I did install the other IDM...no change...still does the same thing. Actually when I first put it on it seemed like the engine was idling smoother but within a few minutes I could hear it changing and getting in my worse. You can hear the pitch of the engine begin the change. As that happens the hpop numbers are usually getting higher. If u try to rev the engine it starts chugging worse and then when returned to idle it is even worse. So I wouldn't think it would be a dead spot in the TPS. Out of curiosity I unplugged the MAT and EOT sensors and it got better. Wasnt running perfect but definitely better...according to torque this put my EOT at 210°. It had been about 120...now keep in mind the truck had been plugged in and running for about 10 minutes at this point. It definitely acts like something is getting hot or the pcmr "thinks" it is and is changing something. Any ideas?
 

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What about just unplugging the EOT? It doesn't make sense, but it could be reading faulty.

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What about just unplugging the EOT? It doesn't make sense, but it could be reading faulty.

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The PCM responds to the EOT signal kind of like a switch. It changes the HP oil pressure based on whether EOT is above or below 140F (IIRC). Higher oil pressure below that and "normal" lower pressure if above. If the EOT sensor is unplugged, the PCM uses higher pressure for starting, and lower pressure for running. Unplugging it would be a simple test, although I doubt it would affect an intermittent problem. Once above the warmed up temp, the signal would have to switch back and forth around the switch point. The EOT sensor is an RTD (resistance thermal device) and they're typically pretty robust, and unlikely to fail. Might be a wiring issue, possibly an intermittent short.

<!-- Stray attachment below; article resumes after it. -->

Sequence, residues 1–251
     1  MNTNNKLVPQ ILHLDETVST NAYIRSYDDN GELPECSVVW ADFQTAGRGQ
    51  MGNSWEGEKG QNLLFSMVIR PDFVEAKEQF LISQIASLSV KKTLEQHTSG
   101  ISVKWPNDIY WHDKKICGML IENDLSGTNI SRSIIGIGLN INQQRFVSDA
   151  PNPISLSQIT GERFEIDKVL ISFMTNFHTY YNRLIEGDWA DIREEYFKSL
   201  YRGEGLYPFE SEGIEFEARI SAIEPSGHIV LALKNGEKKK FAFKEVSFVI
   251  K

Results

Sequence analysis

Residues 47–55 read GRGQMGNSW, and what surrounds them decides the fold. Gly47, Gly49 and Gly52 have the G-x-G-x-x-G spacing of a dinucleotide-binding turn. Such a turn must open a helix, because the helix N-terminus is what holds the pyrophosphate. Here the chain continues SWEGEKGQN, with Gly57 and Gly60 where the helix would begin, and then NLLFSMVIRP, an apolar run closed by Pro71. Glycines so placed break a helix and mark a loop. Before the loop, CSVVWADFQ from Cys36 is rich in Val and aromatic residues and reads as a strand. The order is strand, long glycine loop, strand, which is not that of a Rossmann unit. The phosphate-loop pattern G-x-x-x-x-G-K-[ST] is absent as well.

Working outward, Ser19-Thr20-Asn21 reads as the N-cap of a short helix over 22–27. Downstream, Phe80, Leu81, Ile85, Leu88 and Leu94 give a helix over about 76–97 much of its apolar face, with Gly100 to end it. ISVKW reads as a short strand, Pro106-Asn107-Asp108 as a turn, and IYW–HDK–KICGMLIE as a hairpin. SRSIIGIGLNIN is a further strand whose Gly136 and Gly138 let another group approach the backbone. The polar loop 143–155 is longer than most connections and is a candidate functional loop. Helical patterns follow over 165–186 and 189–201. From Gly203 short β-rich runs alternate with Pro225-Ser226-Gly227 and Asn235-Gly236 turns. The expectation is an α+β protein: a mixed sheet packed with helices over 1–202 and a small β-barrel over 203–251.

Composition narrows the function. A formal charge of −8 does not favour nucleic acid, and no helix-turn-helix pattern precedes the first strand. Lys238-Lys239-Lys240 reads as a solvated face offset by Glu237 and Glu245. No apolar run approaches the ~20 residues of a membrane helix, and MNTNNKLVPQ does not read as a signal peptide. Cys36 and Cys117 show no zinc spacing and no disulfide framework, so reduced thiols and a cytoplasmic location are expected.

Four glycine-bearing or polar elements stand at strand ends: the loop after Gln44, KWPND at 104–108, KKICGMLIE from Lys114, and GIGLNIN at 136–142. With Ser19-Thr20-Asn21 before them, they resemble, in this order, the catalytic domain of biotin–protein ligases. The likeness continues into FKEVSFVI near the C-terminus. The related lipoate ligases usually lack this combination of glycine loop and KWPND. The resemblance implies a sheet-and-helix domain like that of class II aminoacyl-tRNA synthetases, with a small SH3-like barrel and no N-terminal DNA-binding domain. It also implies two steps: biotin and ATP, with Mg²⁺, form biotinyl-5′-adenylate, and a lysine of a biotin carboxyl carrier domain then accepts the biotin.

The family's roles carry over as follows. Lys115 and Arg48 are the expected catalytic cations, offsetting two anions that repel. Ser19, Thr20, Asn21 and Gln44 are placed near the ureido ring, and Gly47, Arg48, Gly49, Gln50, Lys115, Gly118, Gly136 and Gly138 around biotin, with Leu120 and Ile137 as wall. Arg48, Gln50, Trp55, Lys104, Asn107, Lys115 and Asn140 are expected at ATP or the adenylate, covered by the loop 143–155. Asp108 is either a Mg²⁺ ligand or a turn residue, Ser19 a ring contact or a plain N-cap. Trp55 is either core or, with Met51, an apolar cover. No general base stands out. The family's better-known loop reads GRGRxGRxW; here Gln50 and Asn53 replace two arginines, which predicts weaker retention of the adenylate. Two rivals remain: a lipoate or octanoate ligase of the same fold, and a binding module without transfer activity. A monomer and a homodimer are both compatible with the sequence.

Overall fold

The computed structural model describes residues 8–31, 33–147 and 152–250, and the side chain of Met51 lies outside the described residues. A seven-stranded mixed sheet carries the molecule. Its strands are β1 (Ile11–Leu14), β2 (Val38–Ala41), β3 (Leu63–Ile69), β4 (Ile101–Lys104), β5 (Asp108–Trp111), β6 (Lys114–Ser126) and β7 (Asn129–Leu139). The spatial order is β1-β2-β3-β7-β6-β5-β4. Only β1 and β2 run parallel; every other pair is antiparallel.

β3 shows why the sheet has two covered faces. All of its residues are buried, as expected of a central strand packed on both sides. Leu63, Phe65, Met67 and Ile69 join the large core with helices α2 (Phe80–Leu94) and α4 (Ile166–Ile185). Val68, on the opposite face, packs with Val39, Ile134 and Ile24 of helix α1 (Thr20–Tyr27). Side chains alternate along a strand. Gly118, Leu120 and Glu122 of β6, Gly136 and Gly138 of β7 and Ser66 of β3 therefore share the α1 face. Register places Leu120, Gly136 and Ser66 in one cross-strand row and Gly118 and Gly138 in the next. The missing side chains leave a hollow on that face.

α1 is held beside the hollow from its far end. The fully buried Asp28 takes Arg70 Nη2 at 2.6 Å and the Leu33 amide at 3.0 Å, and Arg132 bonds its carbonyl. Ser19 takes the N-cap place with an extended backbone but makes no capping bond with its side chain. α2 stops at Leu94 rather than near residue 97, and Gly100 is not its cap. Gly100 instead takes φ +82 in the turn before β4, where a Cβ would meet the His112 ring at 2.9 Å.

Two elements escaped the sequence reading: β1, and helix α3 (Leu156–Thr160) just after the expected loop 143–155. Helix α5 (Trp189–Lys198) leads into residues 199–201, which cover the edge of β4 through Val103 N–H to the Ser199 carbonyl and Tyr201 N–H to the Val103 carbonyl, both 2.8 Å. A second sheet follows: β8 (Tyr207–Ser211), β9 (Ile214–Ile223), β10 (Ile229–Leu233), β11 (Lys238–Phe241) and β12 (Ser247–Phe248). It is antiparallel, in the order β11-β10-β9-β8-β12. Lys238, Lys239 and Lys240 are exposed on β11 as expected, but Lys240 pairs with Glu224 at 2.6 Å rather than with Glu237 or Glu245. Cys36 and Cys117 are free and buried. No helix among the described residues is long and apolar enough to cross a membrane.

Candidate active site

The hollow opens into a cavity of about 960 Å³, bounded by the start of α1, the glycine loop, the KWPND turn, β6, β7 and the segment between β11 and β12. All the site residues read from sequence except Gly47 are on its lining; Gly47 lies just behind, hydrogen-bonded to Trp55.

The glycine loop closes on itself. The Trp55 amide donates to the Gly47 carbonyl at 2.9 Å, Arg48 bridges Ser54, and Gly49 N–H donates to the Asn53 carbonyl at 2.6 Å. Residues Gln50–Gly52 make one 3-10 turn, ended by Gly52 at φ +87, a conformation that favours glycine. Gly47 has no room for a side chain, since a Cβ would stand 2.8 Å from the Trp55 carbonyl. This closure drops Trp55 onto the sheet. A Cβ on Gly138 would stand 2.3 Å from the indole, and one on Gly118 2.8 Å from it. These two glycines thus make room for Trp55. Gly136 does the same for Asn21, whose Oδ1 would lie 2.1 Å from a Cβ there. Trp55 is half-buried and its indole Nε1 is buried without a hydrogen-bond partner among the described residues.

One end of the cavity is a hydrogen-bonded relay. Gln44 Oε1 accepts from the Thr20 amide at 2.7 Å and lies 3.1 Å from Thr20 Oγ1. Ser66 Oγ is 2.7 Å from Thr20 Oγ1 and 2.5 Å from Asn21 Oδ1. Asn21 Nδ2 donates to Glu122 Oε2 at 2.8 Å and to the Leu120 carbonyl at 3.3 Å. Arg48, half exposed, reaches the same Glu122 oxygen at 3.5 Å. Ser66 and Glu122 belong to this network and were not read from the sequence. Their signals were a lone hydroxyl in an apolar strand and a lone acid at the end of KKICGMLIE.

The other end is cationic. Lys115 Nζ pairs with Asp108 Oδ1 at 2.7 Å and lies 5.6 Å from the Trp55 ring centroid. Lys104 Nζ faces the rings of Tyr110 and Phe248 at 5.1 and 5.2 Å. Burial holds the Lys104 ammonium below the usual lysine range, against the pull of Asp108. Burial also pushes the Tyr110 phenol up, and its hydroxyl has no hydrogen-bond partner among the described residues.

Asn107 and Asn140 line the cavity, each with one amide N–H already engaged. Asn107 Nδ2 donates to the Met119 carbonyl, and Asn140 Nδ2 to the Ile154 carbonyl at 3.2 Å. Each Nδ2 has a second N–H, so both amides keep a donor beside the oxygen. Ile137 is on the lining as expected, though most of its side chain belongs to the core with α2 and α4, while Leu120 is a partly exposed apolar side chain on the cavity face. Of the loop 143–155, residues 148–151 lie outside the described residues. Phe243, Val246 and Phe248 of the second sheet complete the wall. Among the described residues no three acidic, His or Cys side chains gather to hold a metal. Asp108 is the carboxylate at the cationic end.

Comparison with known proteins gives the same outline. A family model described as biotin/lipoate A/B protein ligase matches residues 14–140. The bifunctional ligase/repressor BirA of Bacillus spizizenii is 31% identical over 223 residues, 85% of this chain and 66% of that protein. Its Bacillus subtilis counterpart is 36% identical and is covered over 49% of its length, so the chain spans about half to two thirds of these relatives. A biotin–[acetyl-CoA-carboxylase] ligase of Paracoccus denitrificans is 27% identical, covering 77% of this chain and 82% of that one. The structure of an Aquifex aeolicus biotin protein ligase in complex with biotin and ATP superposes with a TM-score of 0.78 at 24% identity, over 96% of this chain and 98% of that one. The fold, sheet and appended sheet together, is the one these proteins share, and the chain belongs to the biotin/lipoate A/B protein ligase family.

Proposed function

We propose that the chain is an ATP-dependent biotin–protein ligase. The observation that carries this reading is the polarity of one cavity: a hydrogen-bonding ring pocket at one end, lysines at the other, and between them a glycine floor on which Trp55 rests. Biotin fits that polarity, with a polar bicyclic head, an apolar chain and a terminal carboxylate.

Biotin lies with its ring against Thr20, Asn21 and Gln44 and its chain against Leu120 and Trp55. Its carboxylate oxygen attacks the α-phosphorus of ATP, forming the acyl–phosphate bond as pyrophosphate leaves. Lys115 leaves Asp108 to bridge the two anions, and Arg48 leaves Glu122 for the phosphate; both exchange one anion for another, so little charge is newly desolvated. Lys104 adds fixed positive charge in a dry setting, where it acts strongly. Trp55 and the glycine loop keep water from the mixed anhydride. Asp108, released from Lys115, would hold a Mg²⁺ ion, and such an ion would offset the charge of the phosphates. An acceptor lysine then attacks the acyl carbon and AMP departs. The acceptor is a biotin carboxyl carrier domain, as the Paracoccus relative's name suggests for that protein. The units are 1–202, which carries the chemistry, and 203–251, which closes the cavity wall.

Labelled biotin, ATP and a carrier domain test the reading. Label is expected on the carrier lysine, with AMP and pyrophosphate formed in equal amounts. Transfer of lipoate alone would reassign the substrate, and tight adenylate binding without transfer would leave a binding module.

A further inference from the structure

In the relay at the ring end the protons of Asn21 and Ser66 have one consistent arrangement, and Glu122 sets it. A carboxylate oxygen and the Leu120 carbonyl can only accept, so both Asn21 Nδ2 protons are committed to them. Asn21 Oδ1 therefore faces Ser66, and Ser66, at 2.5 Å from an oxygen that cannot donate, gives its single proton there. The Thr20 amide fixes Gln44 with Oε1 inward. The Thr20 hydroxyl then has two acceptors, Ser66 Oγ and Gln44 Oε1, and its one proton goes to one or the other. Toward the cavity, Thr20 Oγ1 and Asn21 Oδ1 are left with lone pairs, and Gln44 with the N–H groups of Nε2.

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Discussion Starter #31
Messed with it some more today...I really thought I was onto something with having the oil temp sensor unplugged. It ran the best it has the longest today. Had it running about half and hour. Then took it for a drive up the road. Made it to the next town and was still running pretty good, turned around and started heading home and it began to lose power. Wouldn't make boost, like about 5psi on the gauge and wouldn't go over about 60 on flat ground. Made it home and still wasnt running right but did clean up a little. Shut it off and plugged in the EOT. within about 2 minutes it was missing so bad it wouldn't go over 2000rpm and eventually died. Unplugged the EOT...it started up and cleaned up for a few minutes before it started missing again. So while having it unplugged helps, it isnt the whole problem. Got bored and decided to change the oil since it had been several months, even though it hasn't been ran that much. That so made no difference. Ran smooth a few minutes and then just like u throw a switch it starts running rough and dropping cylinders...I dont know what to think or where to look anymore
 

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Have you run a Cylinder Contribution Test?

Here is some information on the EOT.


 

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Given the intermittent (possibly high heat) nature of the concern, it may be worth going back and checking every pertinent wire for continuity. klhansen helped me with a similar issue a while back where my 7.3 Ex was throwing P1280 codes (https://www.thedieselstop.com/forums/f24/help-w-icp-differential-diagnosis-526873/), it turned out to be a badly soldered ICP pigtail. On a separate occasion a few months later, again with a P1280 code, I ended up ohm'ing every wire from the sensors to the block connector at the driver's side valve cover, then again from the block to the PCM. As the readings were taken a helper moved each wire gently to see if we could isolate a break. Finally, after removing the wrap on the big wire bundle going from the valve cover block to the PCM we were able to isolate a positional wire. Once bi-passed with new wire, all was well again. Just a thought...